In the first quarter we recorded total revenue of $26.2 million and increase of twenty 26% versus the first quarter of 2019. This was powered by record software revenue of $23.8 million representing 28% growth versus the first quarter of 2019. This growth reflects the continuing trends of the increased adoption of our software by pharmaceutical biotech and industrial companies. We believe our solutions can be especially beneficial in the current environment.

We continue to see expanded adoption of live design, our enterprise solution that enables full project access and interactive collaboration among discover teams at multiple sites and across many traditionally siloed areas of research.As we look forward to the rest of the year, it is important to note that typically the first quarter tends to be our largest quarter of the year for software revenue. And we expect that will again be the pattern this year. Moving to drug discovery revenue was $2.4 million growing 11% versus the first quarter of 2019. Revenues from this segment depend heavily on the timing of specific program milestones which fluctuates significantly from quarter to quarter and even year to year.

In addition, we ended the quarter with deferred revenue of $23.8 million, down $3.4 million versus the fourth quarter of 2019. Deferred revenue was up $5.9million versus the first quarter of 2019 reflecting our strong underlying year-on-your performance. Gross profit reached $15.6 million in the first quarter versus $13 million in the first quarter of 2019. This growth was driven by the increasing revenue offset by higher drug discovery expenses recorded as cost of revenues as we continue to invest in advancing our collaboration programs.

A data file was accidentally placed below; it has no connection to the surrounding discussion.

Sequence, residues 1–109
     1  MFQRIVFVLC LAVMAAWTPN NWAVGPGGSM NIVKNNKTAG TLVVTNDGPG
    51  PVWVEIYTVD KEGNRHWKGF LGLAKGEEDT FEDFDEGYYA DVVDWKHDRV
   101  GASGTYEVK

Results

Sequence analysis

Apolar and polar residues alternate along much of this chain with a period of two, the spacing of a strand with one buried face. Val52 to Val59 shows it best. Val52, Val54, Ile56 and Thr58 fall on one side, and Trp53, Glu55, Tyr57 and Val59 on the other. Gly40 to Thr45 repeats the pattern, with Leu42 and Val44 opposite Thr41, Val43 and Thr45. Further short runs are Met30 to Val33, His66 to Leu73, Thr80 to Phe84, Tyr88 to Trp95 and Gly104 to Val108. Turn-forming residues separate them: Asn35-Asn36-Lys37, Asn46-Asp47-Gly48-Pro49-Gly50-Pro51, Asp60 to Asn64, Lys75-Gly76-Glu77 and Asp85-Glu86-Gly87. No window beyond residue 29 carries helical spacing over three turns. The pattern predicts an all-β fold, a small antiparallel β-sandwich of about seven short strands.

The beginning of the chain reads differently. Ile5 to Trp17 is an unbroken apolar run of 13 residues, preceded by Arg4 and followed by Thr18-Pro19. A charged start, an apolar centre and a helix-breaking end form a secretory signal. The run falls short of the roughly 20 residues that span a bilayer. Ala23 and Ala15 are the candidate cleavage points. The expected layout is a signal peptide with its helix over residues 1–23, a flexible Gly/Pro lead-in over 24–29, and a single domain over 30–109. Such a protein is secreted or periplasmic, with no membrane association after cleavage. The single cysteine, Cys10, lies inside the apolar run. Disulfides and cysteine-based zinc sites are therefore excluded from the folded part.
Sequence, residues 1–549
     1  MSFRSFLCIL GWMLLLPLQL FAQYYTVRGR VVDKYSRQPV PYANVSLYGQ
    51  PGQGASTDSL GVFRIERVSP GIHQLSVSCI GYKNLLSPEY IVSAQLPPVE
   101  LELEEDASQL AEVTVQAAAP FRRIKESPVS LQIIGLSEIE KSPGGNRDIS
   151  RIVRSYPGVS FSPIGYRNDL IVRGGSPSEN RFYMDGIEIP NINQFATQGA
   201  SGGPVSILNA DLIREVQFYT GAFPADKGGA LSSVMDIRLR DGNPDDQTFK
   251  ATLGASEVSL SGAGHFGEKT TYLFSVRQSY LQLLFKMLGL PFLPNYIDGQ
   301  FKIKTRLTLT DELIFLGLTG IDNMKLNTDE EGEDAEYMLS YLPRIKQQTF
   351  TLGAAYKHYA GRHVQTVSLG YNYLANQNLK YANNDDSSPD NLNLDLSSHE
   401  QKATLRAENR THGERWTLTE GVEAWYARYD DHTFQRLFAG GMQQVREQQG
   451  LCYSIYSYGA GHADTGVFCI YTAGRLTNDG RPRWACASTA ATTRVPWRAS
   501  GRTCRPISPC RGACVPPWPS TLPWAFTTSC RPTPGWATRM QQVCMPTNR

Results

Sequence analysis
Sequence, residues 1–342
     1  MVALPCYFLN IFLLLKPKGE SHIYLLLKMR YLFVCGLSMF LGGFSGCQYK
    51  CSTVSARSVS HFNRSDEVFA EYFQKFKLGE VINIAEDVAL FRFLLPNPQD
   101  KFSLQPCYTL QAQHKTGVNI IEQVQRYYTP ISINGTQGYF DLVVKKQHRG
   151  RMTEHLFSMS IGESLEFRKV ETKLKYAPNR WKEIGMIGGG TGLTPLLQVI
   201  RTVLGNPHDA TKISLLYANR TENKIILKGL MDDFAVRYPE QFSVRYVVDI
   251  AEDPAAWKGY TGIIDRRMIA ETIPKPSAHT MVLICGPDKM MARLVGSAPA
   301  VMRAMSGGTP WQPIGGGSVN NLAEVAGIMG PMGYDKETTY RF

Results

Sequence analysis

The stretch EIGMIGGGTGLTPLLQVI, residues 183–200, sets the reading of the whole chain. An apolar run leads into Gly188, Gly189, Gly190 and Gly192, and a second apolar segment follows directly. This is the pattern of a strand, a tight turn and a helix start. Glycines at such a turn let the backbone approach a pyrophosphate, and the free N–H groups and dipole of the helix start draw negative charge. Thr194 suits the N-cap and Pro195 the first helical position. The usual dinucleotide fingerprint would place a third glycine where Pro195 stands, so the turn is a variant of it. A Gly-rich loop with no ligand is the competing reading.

Our software gross margin in the first quarter was 83%, unchanged from the first quarter of 2019. Moving to operating expenses. We saw an increase of 47% to $27.4 million in the quarter versus $18.6 million in the first quarter of 2019. This growth reflects the ramping up of our investment in research and development throughout 2019 and the first quarter of 2020 as we advance our technology and our wholly owned drug discovery programs.